The style of classroom popularly known as an active learning environment continues to grow in popularity at Northwestern. As the number of active learning rooms increases on campus, more and more students and instructors are taking advantage of the opportunities provided by these cooperative learning spaces to encourage collaboration and peer teaching.
To really understand how active learning rooms are being utilized across campus, Digital Learning has partnered with three Weinberg faculty members who are teaching in an active learning environment this quarter to tell us the ways in which it has influenced their style of instruction.
First up is Professor Robin Soffer and her Business Institutions 301 class. Taught in the newly renovated active learning classroom at 560 Lincoln St, Business Institutions is a large accounting class that meets twice a week for 80-minute sessions. It previously occupied a traditional classroom that did not provide the flexibility that Prof. Soffer was looking for. A friendly chat with Brad Zakarin, Director of Residential Academic Initiatives for Northwestern, pointed her toward the space in 560 Lincoln—a move that has freed her from that confining space to allow her pedagogy to match what is available with the room.
I caught up with Prof. Soffer before a recent class to talk with her about her experience so far:
What made you interested in teaching in an active learning environment?
Before I taught in an active learning space I still tried to teach with an active learning approach because, frankly, you need to work to make this course exciting. I would have the students work in groups and do active learning kinds of things but it wasn't physically set up to support that so students would end up sitting on the floor and I would try to squeeze through the rows to try and work with the groups—it was challenging.
In what ways has the 560 Lincoln classroom influenced how you run the class?
A really good thing about the 560 space is that it’s flexible. A lot of the work we do in my class is in teams so I've got the room setup for six students at each table so they can work together facing each other and do little mini cases or exercises, but it also works if they need to do something on their own. Having the option for students to work on something and then put it up on screen with Solstice also makes it way more fun for them and frees us to do more things.
Another benefit is that I can walk all over the room when I'm talking. I like to move around. I don't just have to stand at the front tethered to the podium. Students have mentioned that this makes them feel more comfortable speaking up if they're not so far away from me. I also like to sit at one of the tables when students are reporting so it makes me feel like more a part of the community.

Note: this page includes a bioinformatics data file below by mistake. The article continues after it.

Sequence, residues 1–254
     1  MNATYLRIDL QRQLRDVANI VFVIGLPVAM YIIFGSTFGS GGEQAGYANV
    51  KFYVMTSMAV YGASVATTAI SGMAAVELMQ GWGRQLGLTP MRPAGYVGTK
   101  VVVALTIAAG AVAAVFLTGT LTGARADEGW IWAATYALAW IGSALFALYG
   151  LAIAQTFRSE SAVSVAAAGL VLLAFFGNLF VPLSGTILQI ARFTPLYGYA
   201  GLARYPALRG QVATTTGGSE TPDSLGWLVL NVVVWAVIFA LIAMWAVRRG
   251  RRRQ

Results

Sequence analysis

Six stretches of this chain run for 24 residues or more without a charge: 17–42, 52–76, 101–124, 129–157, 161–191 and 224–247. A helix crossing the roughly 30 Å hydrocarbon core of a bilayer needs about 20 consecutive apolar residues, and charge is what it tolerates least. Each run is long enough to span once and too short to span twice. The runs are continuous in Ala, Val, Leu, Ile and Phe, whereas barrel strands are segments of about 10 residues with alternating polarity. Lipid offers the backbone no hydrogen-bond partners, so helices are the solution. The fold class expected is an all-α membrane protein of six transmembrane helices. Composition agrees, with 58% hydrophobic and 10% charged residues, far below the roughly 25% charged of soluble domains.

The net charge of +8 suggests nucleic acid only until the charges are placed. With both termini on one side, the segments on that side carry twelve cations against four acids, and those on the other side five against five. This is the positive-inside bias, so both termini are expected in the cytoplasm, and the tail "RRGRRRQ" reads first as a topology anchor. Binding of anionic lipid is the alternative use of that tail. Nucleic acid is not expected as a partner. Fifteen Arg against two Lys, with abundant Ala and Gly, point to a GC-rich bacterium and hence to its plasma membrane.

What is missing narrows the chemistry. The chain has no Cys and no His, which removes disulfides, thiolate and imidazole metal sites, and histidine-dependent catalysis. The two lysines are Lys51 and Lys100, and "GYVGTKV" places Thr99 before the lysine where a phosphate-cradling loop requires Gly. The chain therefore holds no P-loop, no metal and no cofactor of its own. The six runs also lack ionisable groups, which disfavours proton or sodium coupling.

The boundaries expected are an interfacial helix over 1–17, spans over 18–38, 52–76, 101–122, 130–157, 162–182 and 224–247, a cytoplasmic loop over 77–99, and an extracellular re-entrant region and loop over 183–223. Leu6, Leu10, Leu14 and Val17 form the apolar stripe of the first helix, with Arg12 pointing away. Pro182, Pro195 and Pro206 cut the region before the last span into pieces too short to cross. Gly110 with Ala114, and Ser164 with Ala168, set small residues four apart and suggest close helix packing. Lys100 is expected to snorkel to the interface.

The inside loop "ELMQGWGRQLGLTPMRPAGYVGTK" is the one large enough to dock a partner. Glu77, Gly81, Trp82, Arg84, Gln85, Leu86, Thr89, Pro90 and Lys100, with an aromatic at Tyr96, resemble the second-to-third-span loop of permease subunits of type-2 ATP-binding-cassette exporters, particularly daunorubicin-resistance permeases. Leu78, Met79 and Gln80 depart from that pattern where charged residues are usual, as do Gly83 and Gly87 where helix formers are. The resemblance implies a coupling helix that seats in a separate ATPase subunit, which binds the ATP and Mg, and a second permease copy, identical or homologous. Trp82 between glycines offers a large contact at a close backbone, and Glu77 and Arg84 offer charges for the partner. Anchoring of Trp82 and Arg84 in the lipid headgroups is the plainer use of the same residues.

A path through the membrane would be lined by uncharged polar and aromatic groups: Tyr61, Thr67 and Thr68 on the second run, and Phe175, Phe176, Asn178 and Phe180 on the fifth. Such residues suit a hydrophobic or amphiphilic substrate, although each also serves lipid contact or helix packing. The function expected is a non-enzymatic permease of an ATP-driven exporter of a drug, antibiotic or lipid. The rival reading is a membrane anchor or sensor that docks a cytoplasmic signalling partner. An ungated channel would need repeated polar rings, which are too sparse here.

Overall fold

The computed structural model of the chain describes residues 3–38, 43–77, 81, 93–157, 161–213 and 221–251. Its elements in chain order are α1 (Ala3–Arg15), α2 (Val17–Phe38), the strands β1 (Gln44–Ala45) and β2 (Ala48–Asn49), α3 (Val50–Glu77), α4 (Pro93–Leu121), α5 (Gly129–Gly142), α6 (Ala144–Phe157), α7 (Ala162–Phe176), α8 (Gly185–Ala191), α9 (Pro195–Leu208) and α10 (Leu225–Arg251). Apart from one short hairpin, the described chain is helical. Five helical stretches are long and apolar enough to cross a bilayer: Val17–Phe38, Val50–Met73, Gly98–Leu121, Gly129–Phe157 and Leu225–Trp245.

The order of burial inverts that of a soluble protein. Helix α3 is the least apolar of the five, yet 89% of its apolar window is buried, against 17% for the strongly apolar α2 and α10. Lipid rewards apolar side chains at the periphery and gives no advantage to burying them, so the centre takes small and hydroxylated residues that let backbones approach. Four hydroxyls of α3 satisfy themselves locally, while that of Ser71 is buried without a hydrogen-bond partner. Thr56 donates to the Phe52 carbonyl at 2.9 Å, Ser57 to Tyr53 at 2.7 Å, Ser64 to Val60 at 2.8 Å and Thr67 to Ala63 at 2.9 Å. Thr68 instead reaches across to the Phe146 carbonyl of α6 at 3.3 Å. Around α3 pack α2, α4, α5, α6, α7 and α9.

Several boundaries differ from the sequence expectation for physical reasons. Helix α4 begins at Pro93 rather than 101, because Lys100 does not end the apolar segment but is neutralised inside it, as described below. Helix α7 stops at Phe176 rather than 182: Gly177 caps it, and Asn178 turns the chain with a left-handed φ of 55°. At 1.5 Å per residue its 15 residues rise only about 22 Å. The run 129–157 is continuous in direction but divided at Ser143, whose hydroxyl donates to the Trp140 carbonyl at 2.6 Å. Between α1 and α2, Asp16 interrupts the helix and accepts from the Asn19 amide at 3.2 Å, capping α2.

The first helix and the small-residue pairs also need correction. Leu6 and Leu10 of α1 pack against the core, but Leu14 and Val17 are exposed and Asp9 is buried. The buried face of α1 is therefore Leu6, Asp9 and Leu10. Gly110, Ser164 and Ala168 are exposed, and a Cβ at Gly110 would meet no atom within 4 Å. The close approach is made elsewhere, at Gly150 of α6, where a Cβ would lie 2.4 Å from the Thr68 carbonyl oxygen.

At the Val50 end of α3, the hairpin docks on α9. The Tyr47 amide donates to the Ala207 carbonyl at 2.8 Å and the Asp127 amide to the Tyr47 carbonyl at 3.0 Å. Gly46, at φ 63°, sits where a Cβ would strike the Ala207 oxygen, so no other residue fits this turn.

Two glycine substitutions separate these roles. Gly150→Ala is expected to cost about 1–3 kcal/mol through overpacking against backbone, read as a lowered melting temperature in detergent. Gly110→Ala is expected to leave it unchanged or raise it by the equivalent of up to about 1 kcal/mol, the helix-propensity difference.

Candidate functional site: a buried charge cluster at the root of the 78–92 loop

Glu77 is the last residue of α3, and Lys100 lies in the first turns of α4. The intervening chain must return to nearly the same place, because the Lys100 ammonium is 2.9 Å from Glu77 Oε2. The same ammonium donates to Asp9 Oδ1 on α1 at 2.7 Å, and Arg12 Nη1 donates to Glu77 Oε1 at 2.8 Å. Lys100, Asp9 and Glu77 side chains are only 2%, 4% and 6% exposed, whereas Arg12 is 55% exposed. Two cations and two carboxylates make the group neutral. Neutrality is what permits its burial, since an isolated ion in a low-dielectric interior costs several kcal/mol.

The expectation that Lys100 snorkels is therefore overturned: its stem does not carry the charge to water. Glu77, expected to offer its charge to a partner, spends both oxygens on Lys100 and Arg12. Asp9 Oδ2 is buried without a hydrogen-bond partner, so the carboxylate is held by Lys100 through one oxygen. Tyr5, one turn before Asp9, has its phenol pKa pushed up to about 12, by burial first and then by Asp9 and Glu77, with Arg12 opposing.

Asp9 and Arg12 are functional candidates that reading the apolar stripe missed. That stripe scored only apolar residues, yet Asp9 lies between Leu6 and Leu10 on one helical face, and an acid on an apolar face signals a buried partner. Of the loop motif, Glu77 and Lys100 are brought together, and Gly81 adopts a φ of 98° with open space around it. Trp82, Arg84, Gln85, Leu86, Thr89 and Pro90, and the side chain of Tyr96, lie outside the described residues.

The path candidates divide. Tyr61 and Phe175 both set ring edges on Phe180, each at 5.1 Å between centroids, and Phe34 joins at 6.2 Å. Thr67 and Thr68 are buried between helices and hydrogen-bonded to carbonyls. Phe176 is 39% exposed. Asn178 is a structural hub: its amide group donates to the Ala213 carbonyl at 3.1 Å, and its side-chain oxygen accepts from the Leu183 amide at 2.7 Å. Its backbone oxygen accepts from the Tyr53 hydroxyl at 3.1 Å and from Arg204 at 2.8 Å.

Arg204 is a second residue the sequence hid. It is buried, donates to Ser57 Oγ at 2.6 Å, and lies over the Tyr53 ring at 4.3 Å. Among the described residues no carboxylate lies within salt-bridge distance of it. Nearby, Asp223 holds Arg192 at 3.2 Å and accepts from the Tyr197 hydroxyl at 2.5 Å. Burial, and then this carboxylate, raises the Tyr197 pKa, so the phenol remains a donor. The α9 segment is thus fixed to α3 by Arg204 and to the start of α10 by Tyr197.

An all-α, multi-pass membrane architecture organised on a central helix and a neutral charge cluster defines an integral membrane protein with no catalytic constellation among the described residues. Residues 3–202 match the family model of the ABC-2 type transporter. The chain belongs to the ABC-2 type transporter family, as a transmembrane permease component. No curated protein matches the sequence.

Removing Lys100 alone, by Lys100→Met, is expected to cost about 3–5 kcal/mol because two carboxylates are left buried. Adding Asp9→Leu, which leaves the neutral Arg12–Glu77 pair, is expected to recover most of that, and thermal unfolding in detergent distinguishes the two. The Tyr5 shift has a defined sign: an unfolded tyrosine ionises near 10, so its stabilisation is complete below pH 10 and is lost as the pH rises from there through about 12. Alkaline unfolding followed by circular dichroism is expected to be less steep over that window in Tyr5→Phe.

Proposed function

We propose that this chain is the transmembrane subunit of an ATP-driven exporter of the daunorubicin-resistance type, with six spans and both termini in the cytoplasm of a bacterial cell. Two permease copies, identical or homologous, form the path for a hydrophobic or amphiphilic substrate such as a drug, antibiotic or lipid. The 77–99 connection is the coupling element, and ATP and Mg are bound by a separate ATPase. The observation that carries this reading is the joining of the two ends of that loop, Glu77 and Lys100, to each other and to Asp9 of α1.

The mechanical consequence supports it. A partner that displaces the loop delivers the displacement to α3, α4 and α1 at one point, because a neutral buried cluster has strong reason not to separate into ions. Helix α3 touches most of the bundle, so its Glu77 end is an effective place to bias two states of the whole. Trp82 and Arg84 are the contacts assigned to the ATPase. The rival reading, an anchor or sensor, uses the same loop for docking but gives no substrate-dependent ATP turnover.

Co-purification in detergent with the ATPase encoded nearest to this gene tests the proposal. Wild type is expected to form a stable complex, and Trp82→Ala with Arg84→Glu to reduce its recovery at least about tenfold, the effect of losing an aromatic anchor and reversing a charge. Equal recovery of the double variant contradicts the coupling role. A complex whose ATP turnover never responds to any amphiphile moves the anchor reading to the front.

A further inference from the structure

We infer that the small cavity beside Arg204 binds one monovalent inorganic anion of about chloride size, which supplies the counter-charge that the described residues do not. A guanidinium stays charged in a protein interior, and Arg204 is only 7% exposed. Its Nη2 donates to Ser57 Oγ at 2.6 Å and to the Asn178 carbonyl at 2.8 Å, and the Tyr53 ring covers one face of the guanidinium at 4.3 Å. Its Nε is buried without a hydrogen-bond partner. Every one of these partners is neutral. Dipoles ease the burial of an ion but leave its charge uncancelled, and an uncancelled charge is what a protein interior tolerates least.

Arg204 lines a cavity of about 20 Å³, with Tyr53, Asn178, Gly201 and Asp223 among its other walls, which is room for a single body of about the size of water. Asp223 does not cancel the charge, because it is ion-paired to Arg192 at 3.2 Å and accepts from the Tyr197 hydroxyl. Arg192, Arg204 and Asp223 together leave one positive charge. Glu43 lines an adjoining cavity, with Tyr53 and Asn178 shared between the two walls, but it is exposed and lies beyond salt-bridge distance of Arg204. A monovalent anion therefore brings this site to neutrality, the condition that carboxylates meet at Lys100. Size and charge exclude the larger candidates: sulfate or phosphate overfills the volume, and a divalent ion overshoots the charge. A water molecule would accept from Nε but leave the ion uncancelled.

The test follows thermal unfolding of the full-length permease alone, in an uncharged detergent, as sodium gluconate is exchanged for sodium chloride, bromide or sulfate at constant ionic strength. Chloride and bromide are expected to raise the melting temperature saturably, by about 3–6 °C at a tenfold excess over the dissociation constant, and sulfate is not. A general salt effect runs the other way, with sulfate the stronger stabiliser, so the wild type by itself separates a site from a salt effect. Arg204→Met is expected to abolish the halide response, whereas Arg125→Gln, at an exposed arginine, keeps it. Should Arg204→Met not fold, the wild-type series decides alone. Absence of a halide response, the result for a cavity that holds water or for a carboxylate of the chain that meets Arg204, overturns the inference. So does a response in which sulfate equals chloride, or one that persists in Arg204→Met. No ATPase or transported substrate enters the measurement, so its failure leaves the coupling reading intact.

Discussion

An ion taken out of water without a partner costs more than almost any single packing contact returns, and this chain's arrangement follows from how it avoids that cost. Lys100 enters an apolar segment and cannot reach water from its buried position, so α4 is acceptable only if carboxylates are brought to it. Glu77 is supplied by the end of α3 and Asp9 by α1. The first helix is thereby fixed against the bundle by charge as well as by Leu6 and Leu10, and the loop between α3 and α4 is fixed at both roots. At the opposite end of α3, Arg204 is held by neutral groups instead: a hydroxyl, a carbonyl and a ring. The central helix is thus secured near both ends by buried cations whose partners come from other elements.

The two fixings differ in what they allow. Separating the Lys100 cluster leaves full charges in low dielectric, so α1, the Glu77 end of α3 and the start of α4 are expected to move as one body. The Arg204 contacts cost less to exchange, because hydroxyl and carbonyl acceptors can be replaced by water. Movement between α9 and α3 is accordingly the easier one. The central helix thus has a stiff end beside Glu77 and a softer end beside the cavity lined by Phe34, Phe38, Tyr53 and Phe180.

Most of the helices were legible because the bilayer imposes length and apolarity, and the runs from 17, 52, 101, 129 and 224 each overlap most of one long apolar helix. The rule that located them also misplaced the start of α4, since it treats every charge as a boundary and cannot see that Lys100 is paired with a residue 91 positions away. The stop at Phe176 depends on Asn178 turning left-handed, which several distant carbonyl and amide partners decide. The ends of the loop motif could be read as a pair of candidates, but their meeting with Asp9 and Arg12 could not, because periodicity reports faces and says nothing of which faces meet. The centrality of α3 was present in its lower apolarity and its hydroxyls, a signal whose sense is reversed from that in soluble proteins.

How did you encourage a comfort level in the students to use the technology and amenities available to them in the room?
I started in the beginning using more of the movable whiteboards and then, after we got to know each other a little bit, I showed them how to use Solstice. It's really easy in this room; it works really well. We then do an exercise that is way easier using Excel so each team at each table will do their calculations and analysis and then we use Solstice to display everybody's answers at the same time. They get a kick out of it. But I'm glad I waited and didn't do it the first day because it can be overwhelming when everything is new.
We also do an exercise where we manufacture something in class and the space works out really well for that. It’s doable in a traditional classroom, but it’s not nearly as conducive to trying something different.
What do you feel like is the biggest benefit to you in teaching in this room?
Actually, it’s more what’s beyond the room itself. The students and I use the lounge space outside the classroom before and after class to meet or just hang out and visit. It’s a nice, neutral place to meet.
In the mornings I don’t go to my office, I sit in the lounge here and work. One day before class one of my students saw me here and came up to me and said, “Do you mind if I sit with you? I’m just going to work.” And it’s really nice, you know! He would never have come to my office and just ask to work together. We visited a little, we each did our thing; it was great. I think it would be really nice if there were more spaces on campus where faculty and students could just visit.